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Of hammers and screws: renin–angiotensin–aldosterone system inhibition to prevent atrial fibrillation in patients with hypertension

Paulus Kirchhof, Larissa Fabritz
DOI: http://dx.doi.org/10.1093/eurheartj/ehu068 1169-1171 First published online: 23 February 2014

This editorial refers to ‘Antihypertensive treatment and risk of atrial fibrillation: a nationwide study’, by S.C.W. Marott et al., on page 1205

This editorial discusses the observation that monotherapy of uncomplicated hypertension with an ACE inhibitor or a sartan is associated with a lower risk of new-onset atrial fibrillation than treatment with a calcium channel blocker, diuretic, or beta-blocker. This association, found in a Danish nationwide database over a mean follow-up duration of 6–7 years, is put in context with the outcomes of controlled clinical trials testing similar interventions in patients without hypertension. In summary, the data suggest that different types of atrial fibrillation require different forms of preventive treatment, and that such ‘pathophysiological types of atrial fibrillation’ can be differentiated in patients using clinical characteristics supplemented by blood and ECG biomarkers, potentially opening the way towards a more personalized therapy of atrial fibrillation.

Although atrial fibrillation (AF) is rarely dangerous in the acute setting, the long-term consequences are grim. Even the most modern forms of management, including adequate stroke prevention and rate control therapy,1 are not sufficient to prevent premature cardiovascular deaths in patients with AF.2,3 Furthermore, the majority of AF patients remain symptomatic,4 and many are hospitalized for AF.5,6 After its manifestation, early rhythm control treatment of AF, i.e. thorough prevention of recurrent AF after the first episode, may be useful.2 Although we do not have formal proof of this concept, preventing the first episode of AF could be an even better way to prevent these complications.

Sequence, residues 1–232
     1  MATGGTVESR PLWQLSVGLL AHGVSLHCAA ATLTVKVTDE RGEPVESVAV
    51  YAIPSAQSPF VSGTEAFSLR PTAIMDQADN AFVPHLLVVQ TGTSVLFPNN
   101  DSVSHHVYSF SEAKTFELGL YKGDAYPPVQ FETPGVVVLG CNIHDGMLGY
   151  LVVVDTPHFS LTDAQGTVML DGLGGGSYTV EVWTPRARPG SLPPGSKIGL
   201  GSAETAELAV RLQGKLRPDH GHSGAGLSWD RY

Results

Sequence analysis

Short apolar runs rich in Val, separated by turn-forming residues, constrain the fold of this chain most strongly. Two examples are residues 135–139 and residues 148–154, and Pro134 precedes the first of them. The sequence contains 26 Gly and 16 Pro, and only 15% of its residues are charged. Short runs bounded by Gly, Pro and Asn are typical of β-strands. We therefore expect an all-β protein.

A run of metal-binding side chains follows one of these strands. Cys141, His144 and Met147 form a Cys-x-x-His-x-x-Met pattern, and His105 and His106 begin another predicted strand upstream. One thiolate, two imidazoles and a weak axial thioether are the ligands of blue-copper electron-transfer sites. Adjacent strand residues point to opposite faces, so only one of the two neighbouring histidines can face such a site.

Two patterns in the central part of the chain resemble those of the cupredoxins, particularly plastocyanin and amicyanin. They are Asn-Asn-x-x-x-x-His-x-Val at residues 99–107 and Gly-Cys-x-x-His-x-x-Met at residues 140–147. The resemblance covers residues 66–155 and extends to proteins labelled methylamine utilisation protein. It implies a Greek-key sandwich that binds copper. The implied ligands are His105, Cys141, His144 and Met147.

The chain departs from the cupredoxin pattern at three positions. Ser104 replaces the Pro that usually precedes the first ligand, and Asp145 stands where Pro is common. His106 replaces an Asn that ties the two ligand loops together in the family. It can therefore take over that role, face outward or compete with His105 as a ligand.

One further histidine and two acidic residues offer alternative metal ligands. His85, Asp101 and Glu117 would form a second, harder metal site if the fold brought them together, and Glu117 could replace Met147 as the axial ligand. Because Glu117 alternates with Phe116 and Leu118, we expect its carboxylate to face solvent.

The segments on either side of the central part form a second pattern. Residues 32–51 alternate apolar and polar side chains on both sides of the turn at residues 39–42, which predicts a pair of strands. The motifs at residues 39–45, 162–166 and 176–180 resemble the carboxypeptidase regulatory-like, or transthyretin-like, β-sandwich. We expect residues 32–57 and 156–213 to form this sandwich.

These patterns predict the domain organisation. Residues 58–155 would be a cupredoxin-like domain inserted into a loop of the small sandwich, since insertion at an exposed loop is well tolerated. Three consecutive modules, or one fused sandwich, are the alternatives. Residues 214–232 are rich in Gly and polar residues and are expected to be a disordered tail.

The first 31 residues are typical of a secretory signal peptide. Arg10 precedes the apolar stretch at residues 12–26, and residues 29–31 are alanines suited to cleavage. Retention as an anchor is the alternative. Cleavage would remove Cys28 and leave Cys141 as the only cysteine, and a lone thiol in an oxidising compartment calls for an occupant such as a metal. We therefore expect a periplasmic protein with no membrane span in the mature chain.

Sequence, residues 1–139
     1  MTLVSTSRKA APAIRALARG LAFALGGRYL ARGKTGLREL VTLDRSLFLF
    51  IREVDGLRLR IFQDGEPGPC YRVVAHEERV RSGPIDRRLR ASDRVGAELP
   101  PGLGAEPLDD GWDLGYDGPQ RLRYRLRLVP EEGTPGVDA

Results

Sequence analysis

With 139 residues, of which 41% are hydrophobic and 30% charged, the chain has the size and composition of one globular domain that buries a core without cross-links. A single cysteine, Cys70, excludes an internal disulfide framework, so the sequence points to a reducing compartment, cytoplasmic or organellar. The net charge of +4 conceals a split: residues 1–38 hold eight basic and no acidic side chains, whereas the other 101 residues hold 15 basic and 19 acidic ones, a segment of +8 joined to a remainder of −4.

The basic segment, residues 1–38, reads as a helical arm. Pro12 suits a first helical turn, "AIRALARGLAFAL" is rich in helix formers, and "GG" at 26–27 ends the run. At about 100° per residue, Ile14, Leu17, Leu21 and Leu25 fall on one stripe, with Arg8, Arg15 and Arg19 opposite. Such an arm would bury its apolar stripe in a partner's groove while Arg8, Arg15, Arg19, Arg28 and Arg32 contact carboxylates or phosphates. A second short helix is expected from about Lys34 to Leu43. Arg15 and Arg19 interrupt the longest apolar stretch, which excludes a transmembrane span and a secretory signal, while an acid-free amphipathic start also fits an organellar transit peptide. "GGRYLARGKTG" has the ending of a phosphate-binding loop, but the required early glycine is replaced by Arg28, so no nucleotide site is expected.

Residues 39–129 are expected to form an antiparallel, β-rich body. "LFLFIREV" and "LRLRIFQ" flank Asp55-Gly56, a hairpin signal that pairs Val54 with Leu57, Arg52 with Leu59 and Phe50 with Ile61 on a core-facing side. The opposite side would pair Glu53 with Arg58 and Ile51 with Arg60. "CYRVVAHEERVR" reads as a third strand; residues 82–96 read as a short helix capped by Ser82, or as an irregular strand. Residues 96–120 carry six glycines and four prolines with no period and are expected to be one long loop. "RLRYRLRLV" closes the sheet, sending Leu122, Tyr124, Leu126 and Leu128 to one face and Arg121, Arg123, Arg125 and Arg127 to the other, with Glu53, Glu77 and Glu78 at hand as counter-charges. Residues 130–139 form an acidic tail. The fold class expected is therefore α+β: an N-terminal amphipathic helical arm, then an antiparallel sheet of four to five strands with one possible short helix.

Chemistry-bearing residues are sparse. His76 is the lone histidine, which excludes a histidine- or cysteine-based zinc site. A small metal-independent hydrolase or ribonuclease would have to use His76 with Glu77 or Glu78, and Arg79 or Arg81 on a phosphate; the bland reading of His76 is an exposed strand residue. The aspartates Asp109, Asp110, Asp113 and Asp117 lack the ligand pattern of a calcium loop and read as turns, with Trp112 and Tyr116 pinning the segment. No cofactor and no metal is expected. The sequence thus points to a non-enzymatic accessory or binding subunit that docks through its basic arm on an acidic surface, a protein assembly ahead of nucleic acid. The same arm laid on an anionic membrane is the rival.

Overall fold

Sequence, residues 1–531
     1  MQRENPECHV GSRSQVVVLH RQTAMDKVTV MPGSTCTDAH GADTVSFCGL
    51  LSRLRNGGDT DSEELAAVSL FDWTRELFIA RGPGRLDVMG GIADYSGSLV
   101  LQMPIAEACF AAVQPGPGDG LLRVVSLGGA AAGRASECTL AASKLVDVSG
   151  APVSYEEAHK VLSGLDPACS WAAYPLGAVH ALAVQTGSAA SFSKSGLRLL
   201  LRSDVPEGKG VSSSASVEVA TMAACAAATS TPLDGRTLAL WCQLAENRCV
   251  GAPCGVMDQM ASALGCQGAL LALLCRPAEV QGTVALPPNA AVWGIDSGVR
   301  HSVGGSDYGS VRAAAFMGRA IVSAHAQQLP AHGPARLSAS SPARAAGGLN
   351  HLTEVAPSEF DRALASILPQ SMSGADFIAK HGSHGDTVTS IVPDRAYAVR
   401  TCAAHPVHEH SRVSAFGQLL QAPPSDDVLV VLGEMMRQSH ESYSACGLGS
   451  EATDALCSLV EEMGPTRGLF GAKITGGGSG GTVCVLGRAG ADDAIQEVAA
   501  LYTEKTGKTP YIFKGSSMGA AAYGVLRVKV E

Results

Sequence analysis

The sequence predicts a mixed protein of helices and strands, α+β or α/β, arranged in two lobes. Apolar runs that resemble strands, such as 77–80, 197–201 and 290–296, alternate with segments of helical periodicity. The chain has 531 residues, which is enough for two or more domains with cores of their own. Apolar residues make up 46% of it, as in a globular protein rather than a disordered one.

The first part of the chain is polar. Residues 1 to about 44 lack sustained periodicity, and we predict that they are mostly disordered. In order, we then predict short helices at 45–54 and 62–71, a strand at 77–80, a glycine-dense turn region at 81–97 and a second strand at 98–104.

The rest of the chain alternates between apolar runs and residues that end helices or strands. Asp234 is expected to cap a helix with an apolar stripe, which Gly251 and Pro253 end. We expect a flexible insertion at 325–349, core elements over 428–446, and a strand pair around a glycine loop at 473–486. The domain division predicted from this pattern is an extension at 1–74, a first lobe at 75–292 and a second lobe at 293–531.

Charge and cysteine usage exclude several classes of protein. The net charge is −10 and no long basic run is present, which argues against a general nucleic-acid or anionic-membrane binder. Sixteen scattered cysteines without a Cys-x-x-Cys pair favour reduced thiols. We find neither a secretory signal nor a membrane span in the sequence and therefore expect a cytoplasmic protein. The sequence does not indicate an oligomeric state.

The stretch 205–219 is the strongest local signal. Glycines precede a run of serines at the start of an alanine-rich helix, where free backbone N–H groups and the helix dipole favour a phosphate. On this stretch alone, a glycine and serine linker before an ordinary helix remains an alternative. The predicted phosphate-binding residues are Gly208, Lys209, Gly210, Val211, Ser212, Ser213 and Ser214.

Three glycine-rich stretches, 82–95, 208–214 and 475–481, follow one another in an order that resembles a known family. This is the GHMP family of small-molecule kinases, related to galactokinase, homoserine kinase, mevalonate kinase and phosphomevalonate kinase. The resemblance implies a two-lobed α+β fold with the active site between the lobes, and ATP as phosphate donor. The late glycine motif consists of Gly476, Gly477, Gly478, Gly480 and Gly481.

How can we prevent the first occurrence of atrial fibrillation?

The mechanisms by which AF perpetuates itself have been studied in great detail in animal models and in patients in the last two decades, yielding important insights.7,8 The mechanisms that cause the first episode of AF are much less well understood. While some overlap between the vicious circles that maintain AF and the signalling processes that promote its first occurrence is likely, the mechanisms causing the first episode of AF are likely to differ from those that cause recurrent AF (Figure 1). Thus, we may need a different set of tools to fix the defects that cause the first episode of AF.

Figure 1

Possible mechanisms that cause atrial fibrillation, distinguished by the causes of the first episodes (left part of the figure) and causes of recurrent AF (right part). Dysregulation of ion channel function (shown in red), altered intracellular calcium handling (blue), and dysregulation of fibroblasts (green) are all likely to contribute to AF. We have learned a lot about the vicious circles that cause AF-induced atrial changes (right part of the figure). We still need to find out more (left part of the figure) about the atrial changes that cause the first episode of AF. AF, atrial fibrillation; IL-6, interleukin-6; RAAS, renin–angiotensin–aldosterone system; TGFβ, transforming growth factor β.